Justerini & Brooks

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A bottle of J&B Scotch

Justerini & Brooks is a fine wine merchants based in the West End of London. It was founded by Giacomo Justerini an émigré from Bologna in 1749. Justerini & Brooks was first awarded the Royal Warrant by King George III in 1761, and has been granted this honour by every successive monarch since, including Her Majesty Queen Elizabeth II.

Justerini & Brooks has offices in St James’s Street, London, Edinburgh and Hong Kong. They supply wines and spirits to an exclusive list of private clients and restaurants. Their portfolio includes some of the best known estates from France, Italy and Germany, including: Domaine du Comte Liger Belair, Pétrus, Chateau Lafleur, Roberto Voerzio and JJ Prüm. They are amongst the largest importers of domaine bottled Burgundy, Barolo and Riesling in the UK.

They are also known for developing the J&B blended Scotch whisky. The company is owned by multinational Diageo plc.


J&B Rare Blend, the standard J&B whisky brand, is a blend of forty-two Scottish malt and grain whiskies.[1] Single malts Knockando, Auchroisk and Glen Spey are at its heart.[2] In terms of flavour, its closest competitor is Cutty Sark.[3]

Furthermore, J&B's portfolio includes:

  • J&B Reserve 15-year-old
  • Jet 12-year-old
  • Exception (a pure malt limited to France)

It is aimed mainly for the export market and is available in a few different variants in Europe, America and Korea among other places. The company, originally called Johnson & Justerini, was founded in 1749 in the City of London delivering fine wine and spirits to various aristocratic households, as well as supplying King George III. In 1831, Johnson & Justerini was bought by Alfred Brooks and renamed Justerini & Brooks.


The firm's founder, Giacomo Justerini, arrived in London from Bologna in 1749 in pursuit, not of his fortune, but of a beautiful opera singer, Margherita Bellino, with whom he had fallen in love.

Though his pursuit of love was unrequited, he must have been comforted by his fortunes, which prospered greatly; so that by 1760 he was able to sell the firm to George Johnson and retire to Italy. Throughout the difficult days of the London riots of 1780 and the Napoleonic Wars, George Johnson and later his son and grandson managed the firm with considerable skill, until in 1830 it was sold to Alfred Brooks, a young man doubly blessed by wealth and good connections. He added his name to that of Justerini and built up a discerning and knowledgeable clientele, amongst them Charles Dickens whose bills, still in our possession today, reflect his growing success as an author and his increasing enthusiasm for our wines.

Throughout the rest of the Century markets expanded rapidly both at home and abroad, and during this period there came about an increasing taste for blended Scotch Whisky. From this was born J&B Rare, our own "house" whisky, which has taken the name of Justerini & Brooks across the world. Ironically it was Prohibition-or rather its repeal- which gave J&B its major success on the export market as it was one of the first whiskies to be launched on the vast and thirsty American market in 1933. Since then sales of J&B Rare have grown rapidly and it is now the world's second largest selling Scotch whisky and has gained no less than 5 Queen's Awards for Export Achievement.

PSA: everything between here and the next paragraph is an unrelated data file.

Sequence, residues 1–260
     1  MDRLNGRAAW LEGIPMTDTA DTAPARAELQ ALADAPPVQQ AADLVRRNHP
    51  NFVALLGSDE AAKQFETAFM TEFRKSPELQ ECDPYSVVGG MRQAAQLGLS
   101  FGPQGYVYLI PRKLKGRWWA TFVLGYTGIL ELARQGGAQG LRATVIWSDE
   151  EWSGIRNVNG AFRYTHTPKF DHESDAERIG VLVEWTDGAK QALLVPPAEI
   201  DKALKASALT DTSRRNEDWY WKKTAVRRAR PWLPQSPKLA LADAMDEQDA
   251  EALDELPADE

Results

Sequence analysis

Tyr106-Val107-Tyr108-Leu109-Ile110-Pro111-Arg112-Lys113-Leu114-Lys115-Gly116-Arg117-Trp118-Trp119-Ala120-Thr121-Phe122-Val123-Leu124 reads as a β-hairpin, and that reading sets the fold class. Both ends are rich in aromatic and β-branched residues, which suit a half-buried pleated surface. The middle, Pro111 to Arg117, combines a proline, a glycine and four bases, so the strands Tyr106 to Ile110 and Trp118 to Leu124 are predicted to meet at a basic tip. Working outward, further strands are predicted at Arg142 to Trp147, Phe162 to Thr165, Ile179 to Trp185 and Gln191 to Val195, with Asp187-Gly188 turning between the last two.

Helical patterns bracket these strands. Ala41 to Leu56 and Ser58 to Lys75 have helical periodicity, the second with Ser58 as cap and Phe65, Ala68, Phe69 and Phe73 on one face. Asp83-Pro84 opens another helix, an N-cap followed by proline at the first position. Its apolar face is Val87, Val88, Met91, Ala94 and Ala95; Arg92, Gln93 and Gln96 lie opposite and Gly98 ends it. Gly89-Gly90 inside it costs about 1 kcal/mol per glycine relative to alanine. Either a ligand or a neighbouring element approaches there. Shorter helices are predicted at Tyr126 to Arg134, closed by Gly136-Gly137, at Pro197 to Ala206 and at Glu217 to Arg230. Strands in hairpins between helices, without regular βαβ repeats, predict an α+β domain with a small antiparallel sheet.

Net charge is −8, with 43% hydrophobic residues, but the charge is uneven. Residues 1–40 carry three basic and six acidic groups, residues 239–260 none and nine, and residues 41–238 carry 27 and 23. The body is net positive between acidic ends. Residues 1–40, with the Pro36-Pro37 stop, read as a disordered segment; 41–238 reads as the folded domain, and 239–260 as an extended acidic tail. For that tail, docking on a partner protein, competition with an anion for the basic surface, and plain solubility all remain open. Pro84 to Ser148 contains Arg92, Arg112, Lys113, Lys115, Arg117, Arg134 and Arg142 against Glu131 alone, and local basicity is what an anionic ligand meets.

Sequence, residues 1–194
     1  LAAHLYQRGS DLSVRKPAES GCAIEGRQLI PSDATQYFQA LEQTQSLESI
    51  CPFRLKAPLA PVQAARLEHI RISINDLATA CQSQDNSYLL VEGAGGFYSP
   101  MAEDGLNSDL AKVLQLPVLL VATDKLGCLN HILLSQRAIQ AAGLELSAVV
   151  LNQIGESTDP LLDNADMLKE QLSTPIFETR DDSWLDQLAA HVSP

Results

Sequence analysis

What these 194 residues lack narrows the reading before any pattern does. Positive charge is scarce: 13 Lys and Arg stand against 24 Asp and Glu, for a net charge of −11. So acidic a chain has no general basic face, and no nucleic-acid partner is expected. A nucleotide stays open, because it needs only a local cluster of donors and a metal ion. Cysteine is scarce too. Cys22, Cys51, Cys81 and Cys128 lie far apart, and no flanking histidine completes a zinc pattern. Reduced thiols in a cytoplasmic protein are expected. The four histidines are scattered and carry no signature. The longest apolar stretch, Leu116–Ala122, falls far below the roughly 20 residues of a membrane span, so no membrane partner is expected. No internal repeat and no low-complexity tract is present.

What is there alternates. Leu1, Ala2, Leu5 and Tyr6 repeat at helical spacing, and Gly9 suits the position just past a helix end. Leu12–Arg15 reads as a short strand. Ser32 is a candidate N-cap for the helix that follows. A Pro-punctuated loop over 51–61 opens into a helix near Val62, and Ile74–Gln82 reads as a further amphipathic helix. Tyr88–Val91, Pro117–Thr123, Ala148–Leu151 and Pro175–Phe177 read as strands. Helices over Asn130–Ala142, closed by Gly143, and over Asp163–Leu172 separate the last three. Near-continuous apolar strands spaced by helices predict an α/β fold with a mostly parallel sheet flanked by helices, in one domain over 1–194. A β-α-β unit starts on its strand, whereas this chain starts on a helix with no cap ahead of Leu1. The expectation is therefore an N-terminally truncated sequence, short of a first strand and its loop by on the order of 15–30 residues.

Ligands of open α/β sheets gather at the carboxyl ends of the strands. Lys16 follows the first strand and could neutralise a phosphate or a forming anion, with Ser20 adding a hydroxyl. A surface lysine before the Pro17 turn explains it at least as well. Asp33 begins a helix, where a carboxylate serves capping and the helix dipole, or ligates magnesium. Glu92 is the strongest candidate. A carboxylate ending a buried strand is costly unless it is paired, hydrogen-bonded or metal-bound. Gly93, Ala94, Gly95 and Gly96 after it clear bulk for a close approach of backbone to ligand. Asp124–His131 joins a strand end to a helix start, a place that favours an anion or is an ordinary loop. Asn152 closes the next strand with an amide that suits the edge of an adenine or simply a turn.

For over 260 years the company has built up an unrivalled reputation, both for the quality of our wines and the standard of service offered to customers all over the world.

In 1749, Giacomo Justerini (or Giustarini) from Bologna, fell in love with an opera singer and followed her to London, bringing with him a number of recipes for liqueurs created by his uncle, who was a distiller. He found an English partner, George Johnson, and together they set up as wine merchants. In 1760, Justerini returned to his native land after selling the business to Johnson. That same year, King George III honoured the firm with the first of its eight Royal Warrants.[4]

In 1831, the business was bought by Alfred Brooks, a gentleman of means - it was said that his St John's Wood gardens were sufficiently large to include a snipe shoot. The firm became Justerini & Brooks, and its headquarters were established in Regent's Park. Charles Dickens was an early customer.[5]

Seeing the potential of blended whisky, J&B was one of the first London spirits merchants to buy up stocks of mature malt whisky and create its own "house" blend. This was named Club (and is still available from J&B's shops in St. James's Street, London and Alva Street, Edinburgh). During Prohibition the company was promoting a brand they had created specifically for the American market, J&B Rare, and when Prohibition came to an end in 1933, their activities began to pay dividends in and around New York City.

In the early 1950s J&B merged with another company to form United Wine Traders. In 1962, UWT merged with gin producer W&A Gilbey to form International Distillers & Vintners. In 1963 bottling of J&B was carried out at the Strathleven Bonded Warehouse plant in Dumbarton, opened by Edward Heath, helping J&B win six Queens awards for export.

IDV became part of Grand Metropolitan in 1972, that merged with Guinness to become Diageo. Bottling was moved in 2000. Today J&B is the second best selling blended whisky in the world, after Johnnie Walker.


J&B is authorized to be commercialized in:


  1. ^ Great Whiskies. Dorling Kindersley. 2011. p. 196. ISBN 978-1-4053-6018-0. 
  2. ^ Great Whiskies. Dorling Kindersley. 2011. p. 196. ISBN 978-1-4053-6018-0. 
  3. ^ Whisky Opus. Dorling Kindersley. 2012. p. 66. ISBN 978-1-4093-7580-7. 
  4. ^ "Justerini and Brooks Whisky". Master of Malt. Retrieved 2013-08-20. 
  5. ^ "Justerini & Brooks - Our Royal Warrants". Justerinis.com. Retrieved 2013-08-20. 

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